Astaire arrived New York City at age 24 in 1892. When his father suddenly lost his job, the family launch the show business career of their children. As a result of their father's salesmanship, Fred and his sister got a major contract very fast.
Fred Astaire first met George Gershwin in 1916. Fred had already been hunting for new music and dance ideas - their meeting deeply affected the careers of both men.
During the 1920s, Fred and his sister Adele appeared on Broadway and on the London stage in shows such as George and Ira Gershwin's Lady Be Good (1924) and Funny Face (1927), and The Band Wagon (1931), having popular acclaim in theaters on both sides of the Atlantic.
Astaire received a percentage of the films' profits, which was extremely rare at that time. So he had complete autonomy over how the dances, allowing him to revolutionize dance on film.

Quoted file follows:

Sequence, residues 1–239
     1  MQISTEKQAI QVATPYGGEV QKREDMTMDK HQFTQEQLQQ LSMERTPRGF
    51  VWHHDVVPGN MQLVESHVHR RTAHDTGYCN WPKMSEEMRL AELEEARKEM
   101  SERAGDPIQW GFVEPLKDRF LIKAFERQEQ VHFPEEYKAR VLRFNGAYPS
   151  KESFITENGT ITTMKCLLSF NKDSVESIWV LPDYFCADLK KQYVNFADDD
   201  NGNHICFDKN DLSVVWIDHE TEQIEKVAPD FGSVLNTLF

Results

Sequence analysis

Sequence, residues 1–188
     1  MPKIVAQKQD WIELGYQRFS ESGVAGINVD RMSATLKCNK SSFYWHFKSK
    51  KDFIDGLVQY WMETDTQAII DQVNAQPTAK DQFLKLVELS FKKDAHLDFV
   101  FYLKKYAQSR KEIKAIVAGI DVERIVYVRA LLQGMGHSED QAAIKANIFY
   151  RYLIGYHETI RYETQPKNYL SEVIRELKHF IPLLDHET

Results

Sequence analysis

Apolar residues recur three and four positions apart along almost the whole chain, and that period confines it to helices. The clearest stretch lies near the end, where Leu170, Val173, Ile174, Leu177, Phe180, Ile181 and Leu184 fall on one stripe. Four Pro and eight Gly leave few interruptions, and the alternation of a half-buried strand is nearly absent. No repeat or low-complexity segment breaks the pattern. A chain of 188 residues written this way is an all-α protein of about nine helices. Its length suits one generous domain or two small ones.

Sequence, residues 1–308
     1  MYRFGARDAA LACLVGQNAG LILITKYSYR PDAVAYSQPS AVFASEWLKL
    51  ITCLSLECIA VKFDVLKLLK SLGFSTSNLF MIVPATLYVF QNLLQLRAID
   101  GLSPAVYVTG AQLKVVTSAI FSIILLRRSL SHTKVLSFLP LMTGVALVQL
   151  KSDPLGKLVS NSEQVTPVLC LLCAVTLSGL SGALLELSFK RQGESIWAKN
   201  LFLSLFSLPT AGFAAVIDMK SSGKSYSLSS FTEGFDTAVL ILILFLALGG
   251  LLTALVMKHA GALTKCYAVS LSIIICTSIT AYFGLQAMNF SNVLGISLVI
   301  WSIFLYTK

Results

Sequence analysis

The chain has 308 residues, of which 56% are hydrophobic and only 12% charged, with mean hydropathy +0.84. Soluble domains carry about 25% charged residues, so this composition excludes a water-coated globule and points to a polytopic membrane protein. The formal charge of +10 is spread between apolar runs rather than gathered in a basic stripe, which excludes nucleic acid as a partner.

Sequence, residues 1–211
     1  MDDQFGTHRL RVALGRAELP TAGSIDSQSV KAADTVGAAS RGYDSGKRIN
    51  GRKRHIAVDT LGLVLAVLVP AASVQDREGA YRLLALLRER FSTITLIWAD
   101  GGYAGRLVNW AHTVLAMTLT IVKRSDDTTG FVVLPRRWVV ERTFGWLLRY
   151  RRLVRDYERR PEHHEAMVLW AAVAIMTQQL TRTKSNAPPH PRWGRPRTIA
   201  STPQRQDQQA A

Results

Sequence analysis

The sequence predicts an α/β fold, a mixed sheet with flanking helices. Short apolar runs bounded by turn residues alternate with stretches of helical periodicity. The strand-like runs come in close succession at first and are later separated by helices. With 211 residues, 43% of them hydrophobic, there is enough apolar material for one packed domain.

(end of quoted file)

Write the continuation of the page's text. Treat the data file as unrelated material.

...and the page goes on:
He played alongside Bing Crosby in Holiday Inn (1942) and later Blue Skies (1946), but in spite of the enormous financial success of both, was reportedly dissatisfied with roles where he lost the girl to Crosby.
Astaire, ever insecure and believing his career was beginning to falter surprised his audiences by announcing his retirement during the production of Blue Skies, nominating Puttin' on the Ritz as his farewell dance.
During 1952 Astaire recorded The Astaire Story, a four-volume album with a quintet (led by Oscar Peterson). The album gave a musical overview of his whole career. The Astaire Story later won the Grammy Hall of Fame Award in 1999, a special Grammy award to honor recordings that have qualitative or historical significance.
Astaire continued to act into the 1970s.
Extremely modest about his singing abilities (he often claimed that he couldn't sing), Astaire introduced some of the most celebrated songs from the Great American Songbook, in particular Night and Day, Isn't This a Lovely Day?, Cheek to Cheek, Top Hat, White Tie and Tails, Let's Face the Music and Dance, The Way You Look Tonight, They Can't Take That Away From Me, One for My Baby.
Listen to one of the best collections of Mr. Fred Astaire here: